If price is your sole determining factor, consider turning your iPhone 3s, 4 or 4s into an iPod Touch. With an Internet connection but no cellphone service, they serve as great mini iPad Minis. If you have a dead iPod Touch 4, you can get new batteries for $80 from Apple. Make sure to fully explore the built-in parental controls on both Apple and Android operating systems.
These educational game tablets provide the lowest point of entry, at least in terms of initial cost. VTech's MobiGo 2 ($50) and the LeapsterGS ($70) are both solid options, considering they come with a suite of onboard activities. VTech's InnoTab 2 ($80) and Leapfrog's LeapPad 2 (about $100) take a step closer to the tablet format. You might take this option if (a) your child has never used a multi-touch screen, which they will prefer once they've used one; (b) you're just not ready to part with $150 to $200; or (c) you want to ensure your child stays offline.
Downloading new content is difficult, and plug-in game cartridges cost $20 to $25. Once you consider the initial purchase, plus four AA batteries, plus games, you've already spent enough more than the cost of a mainstream Android tablet, with a limitless supply of apps.
Video game consoles
Major contenders this holiday include the clunky, expensive PlayStation Vita ($250) and three better designed options from the company that pioneered the hand-held computing category — Nintendo. These include the Nintendo DSi ($100), the Nintendo 3DS ($170) and its new big-screen edition, the Nintendo 3DS XL ($200). Most software cartridges for those are games like Mario Tennis Open. But look at it another way: there is content you'll never find in iTunes or Google Play, like highly coveted Pokemon White Version 2 ($35). You can find more educational titles like brain teasers and Art Academy, where your child can learn to draw in step-by-step tutorials.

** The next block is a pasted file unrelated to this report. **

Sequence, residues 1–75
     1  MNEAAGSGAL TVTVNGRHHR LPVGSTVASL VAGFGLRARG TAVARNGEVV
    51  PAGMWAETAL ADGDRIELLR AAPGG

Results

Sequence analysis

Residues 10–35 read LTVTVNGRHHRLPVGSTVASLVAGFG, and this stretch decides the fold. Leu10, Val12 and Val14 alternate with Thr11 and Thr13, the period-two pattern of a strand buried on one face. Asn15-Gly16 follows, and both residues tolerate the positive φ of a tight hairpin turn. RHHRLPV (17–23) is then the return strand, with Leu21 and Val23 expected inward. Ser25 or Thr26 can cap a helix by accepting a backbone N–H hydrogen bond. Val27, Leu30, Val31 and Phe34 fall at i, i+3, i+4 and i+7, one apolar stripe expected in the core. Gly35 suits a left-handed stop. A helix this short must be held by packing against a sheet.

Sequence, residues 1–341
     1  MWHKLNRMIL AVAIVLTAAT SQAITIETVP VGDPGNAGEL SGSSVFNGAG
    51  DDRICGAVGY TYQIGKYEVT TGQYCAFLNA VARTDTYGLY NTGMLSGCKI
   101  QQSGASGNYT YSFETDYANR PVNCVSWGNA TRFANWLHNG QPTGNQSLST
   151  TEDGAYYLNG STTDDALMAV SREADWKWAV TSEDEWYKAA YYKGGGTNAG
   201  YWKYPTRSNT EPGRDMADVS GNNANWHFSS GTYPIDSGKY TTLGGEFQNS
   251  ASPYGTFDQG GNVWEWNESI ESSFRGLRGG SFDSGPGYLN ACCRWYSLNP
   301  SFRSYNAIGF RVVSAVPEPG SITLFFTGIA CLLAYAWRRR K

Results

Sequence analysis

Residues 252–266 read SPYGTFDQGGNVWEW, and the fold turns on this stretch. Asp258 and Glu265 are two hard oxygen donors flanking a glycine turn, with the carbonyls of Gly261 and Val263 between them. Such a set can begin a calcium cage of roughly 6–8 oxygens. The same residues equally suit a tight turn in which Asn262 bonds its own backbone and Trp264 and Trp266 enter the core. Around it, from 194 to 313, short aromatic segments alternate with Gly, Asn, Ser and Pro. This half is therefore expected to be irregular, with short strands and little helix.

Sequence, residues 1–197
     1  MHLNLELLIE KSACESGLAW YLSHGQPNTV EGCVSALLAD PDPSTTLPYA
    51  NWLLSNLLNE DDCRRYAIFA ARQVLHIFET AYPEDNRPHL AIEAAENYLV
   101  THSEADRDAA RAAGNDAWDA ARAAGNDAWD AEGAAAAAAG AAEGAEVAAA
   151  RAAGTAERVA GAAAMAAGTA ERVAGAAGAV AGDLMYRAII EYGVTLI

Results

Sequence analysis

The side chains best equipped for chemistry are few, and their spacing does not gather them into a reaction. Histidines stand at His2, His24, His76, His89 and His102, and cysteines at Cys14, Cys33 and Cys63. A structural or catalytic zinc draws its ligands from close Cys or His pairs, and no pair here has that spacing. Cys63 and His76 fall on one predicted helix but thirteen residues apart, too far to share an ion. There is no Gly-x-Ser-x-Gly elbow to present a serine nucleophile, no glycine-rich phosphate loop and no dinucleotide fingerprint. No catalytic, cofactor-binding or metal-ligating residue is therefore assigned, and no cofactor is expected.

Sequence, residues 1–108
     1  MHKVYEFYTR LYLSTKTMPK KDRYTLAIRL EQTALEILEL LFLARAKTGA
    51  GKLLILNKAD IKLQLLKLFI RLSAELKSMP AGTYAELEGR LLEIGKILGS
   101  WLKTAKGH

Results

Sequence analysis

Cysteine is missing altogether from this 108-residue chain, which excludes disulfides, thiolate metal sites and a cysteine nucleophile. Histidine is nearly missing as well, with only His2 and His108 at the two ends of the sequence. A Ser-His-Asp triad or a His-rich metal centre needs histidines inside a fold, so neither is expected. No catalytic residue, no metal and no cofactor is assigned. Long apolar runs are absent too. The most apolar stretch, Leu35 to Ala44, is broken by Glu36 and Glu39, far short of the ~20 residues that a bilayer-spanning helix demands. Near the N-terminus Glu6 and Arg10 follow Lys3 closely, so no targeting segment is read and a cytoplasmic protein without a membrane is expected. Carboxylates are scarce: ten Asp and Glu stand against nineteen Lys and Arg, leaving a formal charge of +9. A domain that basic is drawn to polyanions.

If you happen to share a home with two or more children, it's hard to beat the Nintendo DS local play feature, where multiple players can share the same game, as long as they're in the same room. Based on price, power and app availability, the Nintendo options make more sense, and the DS clamshell design negates the need for a protective silicone bumper.
Explore the robust parental controls that are built into the Nintendo DS system. This includes the ability to lock the 3-D options behind a PIN, as well as the ability to control purchases.
While you will not find Cut the Rope or Angry Birds and you generally cannot use the DS players to get access to the Web, you can download arcade classics like Donkey King Jr. for $4. There's a modified version of Hulu for TV viewing, provided there is Wi-Fi access.
When it comes to children's tablets, hardware is only as good as the software it can run. Your child wants the same thing in a tablet that you do — easy use and access to lots of apps so it always contains a fresh experience. All things considered, the iPad or iPad Mini is still the best children's tablet, but Android options are closing the gap. (The New York Times News Service)